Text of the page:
Reaffirming Our Core Values

To:  University Community
From:  Ralph Kuncl, President 
Date:  November 21, 2016
Subject:  A Message Reaffirming Our Core Values

As we head toward the Thanksgiving holiday, there is much I am grateful for, despite our post-election state of national and world uncertainty.  To start, I am grateful for the privilege of living my professional, personal, intellectual, and emotional life in a community founded on and guided by a set of unshakeable principles.  As a nation, we have been through two years of what some people have called the most bitter and disconcerting presidential campaign in people’s memories. Yet, we possess core values that I know will bolster and uphold us in the face of any seismic shift in the foundations below us – the foundations of democracy and a civil society, our belief in individual human rights, the Constitutional right to freedom of expression, the long history of academic freedom in America, and an openness to inclusiveness characterized by our hundreds of years as a multicultural “fabric” – a nation formed and fashioned of immigrants.

I am hearing from many members of our community who are disheartened and even fearful, and of course I am hearing from many faculty and students with requests and suggestions about how to keep UR safe and whole in this era that for some feels so precarious.  Surely, not everyone is disheartened.  But I am taking the pulse of our community, and we are feeling at risk.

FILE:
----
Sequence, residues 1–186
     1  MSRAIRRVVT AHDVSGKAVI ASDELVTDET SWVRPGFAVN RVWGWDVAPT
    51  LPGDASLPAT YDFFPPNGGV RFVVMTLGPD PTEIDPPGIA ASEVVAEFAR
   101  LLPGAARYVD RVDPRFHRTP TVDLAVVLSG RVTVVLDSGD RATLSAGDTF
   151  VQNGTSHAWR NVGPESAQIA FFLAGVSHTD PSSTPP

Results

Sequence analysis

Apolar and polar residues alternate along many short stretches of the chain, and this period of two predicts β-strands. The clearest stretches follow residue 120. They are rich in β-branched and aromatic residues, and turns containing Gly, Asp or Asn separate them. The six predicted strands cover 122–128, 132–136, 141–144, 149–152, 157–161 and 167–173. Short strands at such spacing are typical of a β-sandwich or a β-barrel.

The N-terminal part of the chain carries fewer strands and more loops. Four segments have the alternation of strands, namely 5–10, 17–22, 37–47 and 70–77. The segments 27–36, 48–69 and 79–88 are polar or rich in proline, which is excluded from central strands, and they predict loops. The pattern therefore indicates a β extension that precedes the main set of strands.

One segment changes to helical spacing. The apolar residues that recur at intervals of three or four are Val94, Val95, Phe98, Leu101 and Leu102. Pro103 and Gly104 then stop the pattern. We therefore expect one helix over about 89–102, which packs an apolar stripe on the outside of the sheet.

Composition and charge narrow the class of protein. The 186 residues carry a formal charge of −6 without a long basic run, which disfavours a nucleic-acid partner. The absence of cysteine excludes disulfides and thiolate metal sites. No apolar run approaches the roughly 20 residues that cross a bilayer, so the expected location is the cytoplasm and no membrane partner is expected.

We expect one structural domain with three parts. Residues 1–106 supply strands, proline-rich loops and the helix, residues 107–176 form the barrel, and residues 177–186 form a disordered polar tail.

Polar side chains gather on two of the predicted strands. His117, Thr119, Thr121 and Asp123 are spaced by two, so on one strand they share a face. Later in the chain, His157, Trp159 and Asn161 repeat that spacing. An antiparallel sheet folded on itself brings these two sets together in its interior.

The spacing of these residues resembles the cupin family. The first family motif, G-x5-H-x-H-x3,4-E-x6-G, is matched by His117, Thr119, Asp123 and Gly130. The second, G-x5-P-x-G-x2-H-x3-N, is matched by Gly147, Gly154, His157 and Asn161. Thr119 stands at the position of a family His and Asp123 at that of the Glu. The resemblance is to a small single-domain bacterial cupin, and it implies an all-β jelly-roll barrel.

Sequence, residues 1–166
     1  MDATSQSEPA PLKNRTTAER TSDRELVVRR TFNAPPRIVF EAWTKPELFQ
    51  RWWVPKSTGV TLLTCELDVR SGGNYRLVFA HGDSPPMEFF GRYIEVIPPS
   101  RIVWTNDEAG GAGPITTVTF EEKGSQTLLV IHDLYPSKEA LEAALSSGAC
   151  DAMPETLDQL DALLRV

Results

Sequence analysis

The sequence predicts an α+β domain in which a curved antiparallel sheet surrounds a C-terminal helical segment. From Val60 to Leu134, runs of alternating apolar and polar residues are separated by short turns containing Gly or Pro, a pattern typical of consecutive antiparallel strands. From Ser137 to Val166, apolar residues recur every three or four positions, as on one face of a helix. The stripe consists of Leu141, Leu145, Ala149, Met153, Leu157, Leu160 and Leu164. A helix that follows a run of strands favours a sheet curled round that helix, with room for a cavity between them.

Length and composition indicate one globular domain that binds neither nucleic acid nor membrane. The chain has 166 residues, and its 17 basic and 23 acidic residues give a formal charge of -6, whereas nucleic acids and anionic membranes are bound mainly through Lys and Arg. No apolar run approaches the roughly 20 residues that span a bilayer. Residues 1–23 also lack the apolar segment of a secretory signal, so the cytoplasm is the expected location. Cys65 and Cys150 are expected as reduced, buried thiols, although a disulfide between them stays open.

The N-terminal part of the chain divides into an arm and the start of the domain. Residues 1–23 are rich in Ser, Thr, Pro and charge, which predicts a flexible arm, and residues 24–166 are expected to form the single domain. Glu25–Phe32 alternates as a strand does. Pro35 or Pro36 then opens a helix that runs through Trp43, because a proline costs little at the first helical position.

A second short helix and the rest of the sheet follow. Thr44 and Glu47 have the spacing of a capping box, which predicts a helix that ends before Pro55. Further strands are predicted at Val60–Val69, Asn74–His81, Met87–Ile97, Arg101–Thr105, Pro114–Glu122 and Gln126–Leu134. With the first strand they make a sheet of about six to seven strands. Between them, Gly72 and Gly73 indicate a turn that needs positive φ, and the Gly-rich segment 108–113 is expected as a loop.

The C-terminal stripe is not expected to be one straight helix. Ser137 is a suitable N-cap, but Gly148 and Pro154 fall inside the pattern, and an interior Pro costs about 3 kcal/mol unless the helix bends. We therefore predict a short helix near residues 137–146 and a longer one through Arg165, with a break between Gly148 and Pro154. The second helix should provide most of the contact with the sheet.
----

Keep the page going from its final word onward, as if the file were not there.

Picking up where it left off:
Already, our community is coming together in the way we do best to prepare for whatever may come.  The Faculty Assembly of the School of Education, for example, has met and considered a formal statement.  The Faculty Senate holds under consideration some suggestions regarding our undocumented students.  I am meeting soon with ASUR, and I am sure the subject of support for undocumented students and students who have undocumented parents will come up.  The University-wide Council on Inclusiveness and Community will soon distribute their statement on the aftermath of the election and how it impacts the climate of inclusiveness on campus as well as the challenge to those core values that inform us in troubling times.  The Faculty Assembly is gearing up for an “extraordinary” session within a few weeks to discuss issues related to student protection.  The University has seen two marches on campus and a demonstration march to Market Night in downtown Redlands.

There will be many other letters coming to me and statements to be made by all of us.  It is important that we prepare our hearts and minds.  But it is also prudent to be patient, not to prejudge, and to await what the new presidential administration’s actions might be before we assume any particular posture, adopt legal positions, or enact any fundamental change in our University.